Awards Daily: You’re everywhere these days from The Kominsky Method to Stranger Things to The Boys to Hulu’s Reboot. Does that dichotomy of projects drive you creatively?
Paul Reiser: It is fun to stand back and look at how different they all are, but there’s no design. I’m not trying to I’m not trying to fill in any blanks. We’re all lucky enough to be in some shows, and sometimes we are able to call enough people and create our own shows. Other times, you get invited to be in somebody else’s. They’re all very different experiences. With Reboot, it’s impossible to say no to that great script with a terrific cast. I don’t know that I would have been jumping to do another half hour sitcom, the traditional multicam, but this is a behind-the-scenes show about a multi-cam. That’s funny. I’ve been there, but the great gift here is now, when we do a scene about writers walking back from an unfulfilling run through and you have to tear apart the script, I’m just acting as the guy who has a script that needs rewriting. I don’t have to rewrite it. That’s Steven Levitan’s problem. So, you know, it’s the best of both worlds.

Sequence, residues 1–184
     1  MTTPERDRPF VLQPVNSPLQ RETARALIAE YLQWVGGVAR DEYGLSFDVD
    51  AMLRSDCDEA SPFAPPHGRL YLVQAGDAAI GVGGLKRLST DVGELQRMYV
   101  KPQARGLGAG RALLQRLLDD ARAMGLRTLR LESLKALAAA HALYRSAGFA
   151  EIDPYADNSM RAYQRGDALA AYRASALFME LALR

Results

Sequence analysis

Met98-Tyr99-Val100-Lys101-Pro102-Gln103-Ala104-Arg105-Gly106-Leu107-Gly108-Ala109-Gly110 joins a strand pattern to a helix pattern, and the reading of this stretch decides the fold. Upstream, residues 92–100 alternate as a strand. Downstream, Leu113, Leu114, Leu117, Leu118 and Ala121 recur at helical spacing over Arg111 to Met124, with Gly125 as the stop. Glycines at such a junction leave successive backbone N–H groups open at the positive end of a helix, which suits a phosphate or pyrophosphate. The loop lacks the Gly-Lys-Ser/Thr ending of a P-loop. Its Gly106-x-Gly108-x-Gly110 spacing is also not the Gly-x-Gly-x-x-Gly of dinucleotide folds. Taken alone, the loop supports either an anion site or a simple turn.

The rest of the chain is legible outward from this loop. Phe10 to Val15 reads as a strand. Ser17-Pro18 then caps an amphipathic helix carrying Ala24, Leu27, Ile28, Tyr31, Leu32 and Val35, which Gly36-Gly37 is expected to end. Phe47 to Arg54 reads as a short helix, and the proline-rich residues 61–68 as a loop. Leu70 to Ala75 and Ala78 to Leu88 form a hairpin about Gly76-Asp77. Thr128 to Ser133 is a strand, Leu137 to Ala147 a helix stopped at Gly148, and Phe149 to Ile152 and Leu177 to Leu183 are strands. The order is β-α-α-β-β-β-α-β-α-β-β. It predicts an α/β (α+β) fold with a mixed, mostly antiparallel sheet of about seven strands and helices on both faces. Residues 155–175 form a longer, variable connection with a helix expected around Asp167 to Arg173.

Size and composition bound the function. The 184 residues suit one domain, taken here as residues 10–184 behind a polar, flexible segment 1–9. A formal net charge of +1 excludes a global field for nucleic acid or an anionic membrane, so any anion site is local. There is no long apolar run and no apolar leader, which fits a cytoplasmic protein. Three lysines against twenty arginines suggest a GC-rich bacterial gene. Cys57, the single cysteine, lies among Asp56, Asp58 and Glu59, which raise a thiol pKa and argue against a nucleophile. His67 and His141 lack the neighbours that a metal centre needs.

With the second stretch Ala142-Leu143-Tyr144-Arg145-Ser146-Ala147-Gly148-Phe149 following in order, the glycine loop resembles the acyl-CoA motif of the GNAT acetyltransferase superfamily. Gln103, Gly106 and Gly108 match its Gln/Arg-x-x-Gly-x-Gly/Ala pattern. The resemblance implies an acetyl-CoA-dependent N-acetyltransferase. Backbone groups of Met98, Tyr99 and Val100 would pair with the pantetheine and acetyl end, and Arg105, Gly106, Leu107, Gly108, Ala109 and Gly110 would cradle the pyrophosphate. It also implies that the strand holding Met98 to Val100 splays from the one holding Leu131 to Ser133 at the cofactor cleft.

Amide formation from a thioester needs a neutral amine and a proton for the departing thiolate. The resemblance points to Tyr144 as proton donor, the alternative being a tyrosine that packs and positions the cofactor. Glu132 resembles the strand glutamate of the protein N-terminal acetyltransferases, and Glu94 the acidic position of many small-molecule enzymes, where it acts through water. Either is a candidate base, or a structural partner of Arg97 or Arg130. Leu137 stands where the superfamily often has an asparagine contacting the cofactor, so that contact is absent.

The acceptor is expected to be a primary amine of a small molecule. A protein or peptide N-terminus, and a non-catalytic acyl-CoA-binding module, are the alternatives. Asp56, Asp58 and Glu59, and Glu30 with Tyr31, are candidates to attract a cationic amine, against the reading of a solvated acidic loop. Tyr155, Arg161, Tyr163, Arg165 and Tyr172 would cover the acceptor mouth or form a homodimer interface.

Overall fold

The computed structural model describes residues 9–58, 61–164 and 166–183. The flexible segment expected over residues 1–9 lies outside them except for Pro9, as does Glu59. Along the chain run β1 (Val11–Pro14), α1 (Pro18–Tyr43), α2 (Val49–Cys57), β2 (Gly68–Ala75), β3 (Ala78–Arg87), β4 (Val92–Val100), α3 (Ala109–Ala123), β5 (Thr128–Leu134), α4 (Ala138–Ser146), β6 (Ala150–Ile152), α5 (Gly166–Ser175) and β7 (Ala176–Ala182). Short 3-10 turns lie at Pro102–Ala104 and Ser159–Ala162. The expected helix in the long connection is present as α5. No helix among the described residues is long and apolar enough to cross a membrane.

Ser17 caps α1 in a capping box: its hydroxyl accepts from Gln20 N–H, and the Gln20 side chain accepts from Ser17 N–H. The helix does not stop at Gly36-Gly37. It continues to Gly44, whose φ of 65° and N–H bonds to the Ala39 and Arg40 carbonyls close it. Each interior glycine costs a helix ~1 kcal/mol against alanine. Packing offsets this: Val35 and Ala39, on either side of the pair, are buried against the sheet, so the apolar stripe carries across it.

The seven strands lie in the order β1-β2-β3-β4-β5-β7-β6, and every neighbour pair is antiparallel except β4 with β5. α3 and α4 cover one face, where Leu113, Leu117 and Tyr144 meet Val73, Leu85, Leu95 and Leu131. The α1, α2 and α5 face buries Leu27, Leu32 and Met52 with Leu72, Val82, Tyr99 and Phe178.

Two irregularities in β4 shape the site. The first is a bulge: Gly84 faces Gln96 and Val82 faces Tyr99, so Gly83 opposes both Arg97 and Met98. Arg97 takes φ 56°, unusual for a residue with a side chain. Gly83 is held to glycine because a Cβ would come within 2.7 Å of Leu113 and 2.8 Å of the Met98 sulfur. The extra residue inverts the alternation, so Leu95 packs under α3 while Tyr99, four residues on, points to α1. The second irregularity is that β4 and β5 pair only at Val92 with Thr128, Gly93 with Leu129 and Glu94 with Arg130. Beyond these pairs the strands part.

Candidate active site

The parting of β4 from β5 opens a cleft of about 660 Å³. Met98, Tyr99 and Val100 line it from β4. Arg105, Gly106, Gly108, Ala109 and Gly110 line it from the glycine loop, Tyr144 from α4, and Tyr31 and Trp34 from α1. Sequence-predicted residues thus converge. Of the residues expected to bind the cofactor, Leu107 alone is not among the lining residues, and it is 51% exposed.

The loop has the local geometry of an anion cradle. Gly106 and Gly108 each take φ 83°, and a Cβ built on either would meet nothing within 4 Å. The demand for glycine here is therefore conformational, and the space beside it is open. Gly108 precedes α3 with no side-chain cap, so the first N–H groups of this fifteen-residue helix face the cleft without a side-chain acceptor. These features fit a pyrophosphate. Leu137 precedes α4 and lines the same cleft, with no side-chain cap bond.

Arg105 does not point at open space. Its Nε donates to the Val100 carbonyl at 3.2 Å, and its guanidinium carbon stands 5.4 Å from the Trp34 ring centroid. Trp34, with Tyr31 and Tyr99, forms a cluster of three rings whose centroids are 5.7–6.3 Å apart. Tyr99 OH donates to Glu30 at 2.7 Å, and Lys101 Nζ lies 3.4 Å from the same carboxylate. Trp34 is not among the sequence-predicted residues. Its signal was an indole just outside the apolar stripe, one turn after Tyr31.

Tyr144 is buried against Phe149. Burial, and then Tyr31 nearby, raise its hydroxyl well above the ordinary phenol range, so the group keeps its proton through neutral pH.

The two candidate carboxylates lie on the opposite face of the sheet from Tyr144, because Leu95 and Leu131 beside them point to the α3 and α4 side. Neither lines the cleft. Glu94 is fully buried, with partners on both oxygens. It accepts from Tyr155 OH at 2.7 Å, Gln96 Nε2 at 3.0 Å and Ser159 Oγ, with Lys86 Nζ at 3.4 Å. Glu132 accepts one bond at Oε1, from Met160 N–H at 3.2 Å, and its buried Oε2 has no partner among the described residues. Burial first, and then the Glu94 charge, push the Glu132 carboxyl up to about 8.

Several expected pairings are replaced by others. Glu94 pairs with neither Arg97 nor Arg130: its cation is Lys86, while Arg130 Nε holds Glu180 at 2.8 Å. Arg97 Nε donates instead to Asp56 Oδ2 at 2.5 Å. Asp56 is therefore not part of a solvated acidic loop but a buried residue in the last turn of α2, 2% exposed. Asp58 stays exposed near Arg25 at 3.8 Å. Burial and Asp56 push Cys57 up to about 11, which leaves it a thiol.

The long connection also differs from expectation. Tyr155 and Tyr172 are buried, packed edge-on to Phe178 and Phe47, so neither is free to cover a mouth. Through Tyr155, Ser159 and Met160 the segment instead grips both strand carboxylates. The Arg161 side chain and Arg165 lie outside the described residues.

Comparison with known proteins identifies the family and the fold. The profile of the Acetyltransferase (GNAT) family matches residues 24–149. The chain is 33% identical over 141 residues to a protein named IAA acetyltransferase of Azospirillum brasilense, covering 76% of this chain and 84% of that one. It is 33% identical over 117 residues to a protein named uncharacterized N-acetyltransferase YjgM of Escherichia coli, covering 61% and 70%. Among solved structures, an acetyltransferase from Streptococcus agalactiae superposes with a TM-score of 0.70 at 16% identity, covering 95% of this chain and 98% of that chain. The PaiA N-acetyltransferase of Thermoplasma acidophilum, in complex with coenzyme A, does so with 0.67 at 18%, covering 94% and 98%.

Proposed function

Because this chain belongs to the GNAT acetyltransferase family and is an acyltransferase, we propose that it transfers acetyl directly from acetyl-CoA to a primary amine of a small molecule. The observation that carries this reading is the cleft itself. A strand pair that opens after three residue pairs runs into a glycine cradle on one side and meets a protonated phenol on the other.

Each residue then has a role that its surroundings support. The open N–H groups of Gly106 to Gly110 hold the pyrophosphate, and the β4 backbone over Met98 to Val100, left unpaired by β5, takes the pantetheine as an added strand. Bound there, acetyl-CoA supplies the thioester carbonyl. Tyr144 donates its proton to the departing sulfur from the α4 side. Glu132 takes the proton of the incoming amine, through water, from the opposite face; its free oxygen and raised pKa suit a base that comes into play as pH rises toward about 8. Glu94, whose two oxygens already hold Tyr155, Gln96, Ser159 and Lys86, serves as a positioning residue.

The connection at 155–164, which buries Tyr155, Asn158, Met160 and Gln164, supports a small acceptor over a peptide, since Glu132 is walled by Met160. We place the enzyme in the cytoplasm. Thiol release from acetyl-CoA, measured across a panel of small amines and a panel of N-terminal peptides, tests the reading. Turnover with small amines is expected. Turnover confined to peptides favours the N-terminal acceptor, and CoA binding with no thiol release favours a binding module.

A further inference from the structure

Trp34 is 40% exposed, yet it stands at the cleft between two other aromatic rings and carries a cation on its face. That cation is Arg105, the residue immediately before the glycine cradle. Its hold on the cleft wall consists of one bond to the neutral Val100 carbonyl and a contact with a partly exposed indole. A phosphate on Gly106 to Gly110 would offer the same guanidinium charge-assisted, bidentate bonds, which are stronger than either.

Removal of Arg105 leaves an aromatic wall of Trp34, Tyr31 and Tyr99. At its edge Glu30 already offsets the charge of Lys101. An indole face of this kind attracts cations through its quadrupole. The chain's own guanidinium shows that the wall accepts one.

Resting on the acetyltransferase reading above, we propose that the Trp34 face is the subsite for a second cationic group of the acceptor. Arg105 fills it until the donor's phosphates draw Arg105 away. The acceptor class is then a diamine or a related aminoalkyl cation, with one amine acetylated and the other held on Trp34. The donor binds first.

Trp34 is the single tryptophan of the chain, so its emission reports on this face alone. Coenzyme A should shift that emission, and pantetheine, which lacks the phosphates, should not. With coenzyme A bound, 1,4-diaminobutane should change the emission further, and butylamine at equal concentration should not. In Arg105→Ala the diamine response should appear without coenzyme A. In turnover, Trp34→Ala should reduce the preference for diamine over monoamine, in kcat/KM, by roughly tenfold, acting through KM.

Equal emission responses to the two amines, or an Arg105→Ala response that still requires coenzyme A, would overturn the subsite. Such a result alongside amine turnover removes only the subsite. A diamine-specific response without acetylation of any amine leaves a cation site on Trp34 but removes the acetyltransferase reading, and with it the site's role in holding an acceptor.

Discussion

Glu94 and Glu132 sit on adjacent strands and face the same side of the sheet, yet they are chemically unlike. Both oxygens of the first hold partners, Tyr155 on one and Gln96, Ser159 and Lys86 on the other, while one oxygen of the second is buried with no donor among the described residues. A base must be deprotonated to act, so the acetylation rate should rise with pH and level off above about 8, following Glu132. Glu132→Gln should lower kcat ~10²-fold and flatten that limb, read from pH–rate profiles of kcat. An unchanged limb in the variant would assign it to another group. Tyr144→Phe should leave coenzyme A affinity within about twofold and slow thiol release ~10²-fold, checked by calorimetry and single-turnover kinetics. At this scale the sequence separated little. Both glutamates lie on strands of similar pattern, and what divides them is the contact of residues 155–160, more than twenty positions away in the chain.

AD: I loved the show, but it was a strange experience for me. It looks very much like a Steven Levitan show that should be on ABC. It’s a traditional sitcom length, and it has that look and feel of an ABC sitcom but it’s on Hulu, which is where everything is headed I guess. That must have taken some adjustment.